"Industrial!" I quickly replied.

We were whisked away to the magic repair center where the magic crane lifted the 500lbs of Mega Moon up a flight of stairs, under a roof and delivered it just outside the gym's door. Inside, there was helpers carrying in the heavy industrial machine and someone at the door handing me a cold bottle of water to prepare me for my night of sewing. The team effort was nothing short of poetic. We spread out the kite and began searching for tears. Any time one was found, the "repair request" was in and two people delivered the sewing machine to the damage with one person following behind carrying the extension cord and plugging it in. Another would neatly place a chair under my ass while two or three others manipulated the kite to bring the repair to ME. It was like a finely tuned orchestra that had thousands of hours of practice!!! Never have I been treated like royalty while sewing. Truly an experience I will never forget.

Sunday. Show time. After the spectacular opening ceremony, we again unpacked the Mega Moon and straitened out the bridle mess made from packing it up in a gym. I quickly figured out a way to ensure the previous day's bridle problems would not reoccur no matter how strong the wind got. Sure enough, the wind was even stronger than Saturday! But this is Team Mega Moon...wind doesn't scare us!!! The media was set, the mayor was present and the Mega Moon powerfully took to the Ishigaki sky. With a crew of people on each side anchor, we orchestrated controlled flight for about a half an hour...but they just couldn't last any longer in the immense heat and humidity. Everyone let go and the Moon flew unaided for several more minutes despite some fluctuation in the wind speed and direction.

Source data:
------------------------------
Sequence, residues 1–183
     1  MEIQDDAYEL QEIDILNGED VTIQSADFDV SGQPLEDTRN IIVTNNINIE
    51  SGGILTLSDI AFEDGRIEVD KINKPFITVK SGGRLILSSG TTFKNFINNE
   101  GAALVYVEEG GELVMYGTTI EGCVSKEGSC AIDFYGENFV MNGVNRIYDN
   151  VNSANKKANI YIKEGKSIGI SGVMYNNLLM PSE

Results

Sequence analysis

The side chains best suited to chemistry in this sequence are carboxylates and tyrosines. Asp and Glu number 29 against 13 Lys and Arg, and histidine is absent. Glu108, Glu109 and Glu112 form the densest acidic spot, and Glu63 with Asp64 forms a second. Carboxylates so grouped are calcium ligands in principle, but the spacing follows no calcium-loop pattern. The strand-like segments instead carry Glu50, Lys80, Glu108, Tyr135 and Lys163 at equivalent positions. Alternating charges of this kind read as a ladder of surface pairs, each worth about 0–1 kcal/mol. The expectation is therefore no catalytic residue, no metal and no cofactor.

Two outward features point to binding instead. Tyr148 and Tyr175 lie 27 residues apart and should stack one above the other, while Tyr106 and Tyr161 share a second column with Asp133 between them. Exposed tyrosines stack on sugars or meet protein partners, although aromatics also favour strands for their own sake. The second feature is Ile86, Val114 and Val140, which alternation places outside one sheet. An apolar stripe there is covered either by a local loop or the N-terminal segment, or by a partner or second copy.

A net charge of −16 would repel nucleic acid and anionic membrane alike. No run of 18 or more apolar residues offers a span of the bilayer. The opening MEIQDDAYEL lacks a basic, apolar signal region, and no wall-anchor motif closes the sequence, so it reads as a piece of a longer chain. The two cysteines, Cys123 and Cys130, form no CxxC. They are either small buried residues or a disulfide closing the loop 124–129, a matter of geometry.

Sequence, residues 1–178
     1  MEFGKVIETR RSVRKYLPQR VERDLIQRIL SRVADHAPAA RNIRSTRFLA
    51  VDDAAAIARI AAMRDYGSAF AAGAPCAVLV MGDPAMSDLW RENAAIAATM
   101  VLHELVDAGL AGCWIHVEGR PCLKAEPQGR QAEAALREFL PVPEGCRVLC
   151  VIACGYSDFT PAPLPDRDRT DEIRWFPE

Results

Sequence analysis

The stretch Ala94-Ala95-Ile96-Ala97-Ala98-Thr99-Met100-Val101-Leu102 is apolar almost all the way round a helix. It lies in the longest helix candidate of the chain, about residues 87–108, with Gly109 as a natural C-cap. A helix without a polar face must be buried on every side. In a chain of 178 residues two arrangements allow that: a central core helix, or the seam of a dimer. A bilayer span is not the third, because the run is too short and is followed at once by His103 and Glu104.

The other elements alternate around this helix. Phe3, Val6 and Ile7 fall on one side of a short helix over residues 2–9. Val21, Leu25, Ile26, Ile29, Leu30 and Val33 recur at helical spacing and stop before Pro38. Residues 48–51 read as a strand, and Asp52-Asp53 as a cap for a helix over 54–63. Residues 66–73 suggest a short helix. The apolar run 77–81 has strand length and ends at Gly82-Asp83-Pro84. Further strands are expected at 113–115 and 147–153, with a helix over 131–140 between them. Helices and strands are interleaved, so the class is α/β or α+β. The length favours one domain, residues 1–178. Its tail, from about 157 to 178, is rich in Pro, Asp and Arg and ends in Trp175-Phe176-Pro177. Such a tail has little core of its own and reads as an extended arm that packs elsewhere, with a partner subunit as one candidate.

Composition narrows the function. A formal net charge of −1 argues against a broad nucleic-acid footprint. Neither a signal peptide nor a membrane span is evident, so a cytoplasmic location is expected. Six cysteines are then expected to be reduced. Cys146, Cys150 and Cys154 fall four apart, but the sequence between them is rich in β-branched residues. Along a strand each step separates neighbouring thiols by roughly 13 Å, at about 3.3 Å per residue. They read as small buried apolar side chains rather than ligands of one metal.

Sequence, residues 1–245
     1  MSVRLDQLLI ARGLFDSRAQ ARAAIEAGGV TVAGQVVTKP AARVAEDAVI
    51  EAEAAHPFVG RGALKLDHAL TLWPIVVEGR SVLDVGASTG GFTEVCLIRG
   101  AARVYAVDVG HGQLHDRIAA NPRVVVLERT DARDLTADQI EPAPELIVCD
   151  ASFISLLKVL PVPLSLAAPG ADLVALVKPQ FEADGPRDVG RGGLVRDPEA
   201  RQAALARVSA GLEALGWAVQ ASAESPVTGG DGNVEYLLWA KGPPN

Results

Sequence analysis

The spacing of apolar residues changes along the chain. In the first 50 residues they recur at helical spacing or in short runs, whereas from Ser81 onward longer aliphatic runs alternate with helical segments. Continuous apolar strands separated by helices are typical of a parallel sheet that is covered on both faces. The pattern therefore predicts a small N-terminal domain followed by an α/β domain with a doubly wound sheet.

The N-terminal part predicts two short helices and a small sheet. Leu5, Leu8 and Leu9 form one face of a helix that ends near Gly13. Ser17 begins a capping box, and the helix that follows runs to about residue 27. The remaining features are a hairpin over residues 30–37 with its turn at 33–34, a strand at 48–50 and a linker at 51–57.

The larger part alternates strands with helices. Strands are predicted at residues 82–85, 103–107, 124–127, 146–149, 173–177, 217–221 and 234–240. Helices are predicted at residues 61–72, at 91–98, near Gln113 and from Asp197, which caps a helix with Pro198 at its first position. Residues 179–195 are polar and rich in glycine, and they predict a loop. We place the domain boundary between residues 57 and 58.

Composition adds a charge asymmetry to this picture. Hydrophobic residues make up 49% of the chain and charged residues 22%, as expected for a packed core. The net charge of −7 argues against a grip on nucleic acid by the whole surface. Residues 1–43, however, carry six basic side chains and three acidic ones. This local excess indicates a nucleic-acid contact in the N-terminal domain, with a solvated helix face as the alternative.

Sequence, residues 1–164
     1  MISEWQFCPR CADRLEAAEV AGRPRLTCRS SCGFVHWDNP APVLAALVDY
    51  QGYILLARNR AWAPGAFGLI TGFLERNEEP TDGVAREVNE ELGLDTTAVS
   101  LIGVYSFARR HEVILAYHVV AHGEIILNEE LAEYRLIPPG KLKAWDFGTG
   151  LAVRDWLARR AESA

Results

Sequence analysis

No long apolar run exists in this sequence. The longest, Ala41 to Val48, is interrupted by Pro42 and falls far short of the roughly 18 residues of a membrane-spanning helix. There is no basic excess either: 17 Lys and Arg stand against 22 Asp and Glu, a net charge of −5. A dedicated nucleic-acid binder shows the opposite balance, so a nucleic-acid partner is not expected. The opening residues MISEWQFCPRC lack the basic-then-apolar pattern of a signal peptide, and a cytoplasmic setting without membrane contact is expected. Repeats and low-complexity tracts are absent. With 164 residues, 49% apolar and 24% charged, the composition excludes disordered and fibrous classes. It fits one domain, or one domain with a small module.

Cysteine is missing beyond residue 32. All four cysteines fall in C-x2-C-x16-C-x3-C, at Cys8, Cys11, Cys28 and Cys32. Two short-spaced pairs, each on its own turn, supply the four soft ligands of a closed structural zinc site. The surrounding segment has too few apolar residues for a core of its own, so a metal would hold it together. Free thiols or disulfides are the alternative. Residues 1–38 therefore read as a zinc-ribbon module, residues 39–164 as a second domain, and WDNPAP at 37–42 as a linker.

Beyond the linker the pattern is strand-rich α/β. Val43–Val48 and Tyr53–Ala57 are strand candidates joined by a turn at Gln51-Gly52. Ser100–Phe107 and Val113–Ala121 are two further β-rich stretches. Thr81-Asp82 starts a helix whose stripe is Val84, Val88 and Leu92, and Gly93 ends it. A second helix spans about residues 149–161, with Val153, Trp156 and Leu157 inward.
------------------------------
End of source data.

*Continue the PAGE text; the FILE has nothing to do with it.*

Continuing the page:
Success!!! Scott and I flew half way around the world, repaired one of the world's largest kites, pulled through and made it happen at a one day event!

If you ever have the chance to attend a kite festival in Japan, I highly recommend it. As a guest, I have never been treated with such fantastic hospitality. The Japanese kiting culture is rich in history and tradition while staying innovative and inspiring. The Mega Moon is a prime example of this stays true to its Japanese heritage while pushing the limits of what is possible.

St-Eustache, Quebec, Canada - March 2007

From Yves Laforest...

"A few years ago, we were go to Iqaluit to organize a kite event. Even though it was end of March, up there it was still frozen solid simply because we were not so far from the North Pole! For 5 days, we were flying and animating kite workshops for the Inuits there. That was an amaizing experience!"

Bribie Island, Sunshine Coast, Australia - May 2007

From Craig Hansen...

"I Have a bit of a picture story to tell I went to Australia Bribie Island Sunshine coast.

The winds were a bit light (for a buggy) so we got creative, cause we needed a bigger kite, and we had a 42m2 Manta Ray in the bag, so we used that to pull us home to the car park.

We put one man and all the weight and gear we had on to the buggy Hooked the kite to a harness and off we went.

Must be some sort of record like biggest kite eva on a peter Lynn comp buggy."

USA - May 2007

From Elijah Chancey...

"The buggy in the frame is an old PLK competition, and the kite is a C-Quad 4.2 Not that any of that matters, because a blonde is straddled around me blowing a kiss to the camera. You know, I've always had such a great time on the beach with my buggy, I decided to add a rear seat, and a camera to document the fun."

Cagliari, Italy- 2001

From Pietro Ravasio...

"One is a very old photo from Cagliari (Italy, Sardinia) Aquilandia kite festival in 2001..."


Dubai - Jan 2007

From (our very own) Craig Hansen...

"A recent stopover in Dubai on my way to a festival in Iran I had some time on my hands a beach and wind about 3.5 knots so went kite flying."


There's more! Continue to the 2006 Archives of "Our Kites, Out There".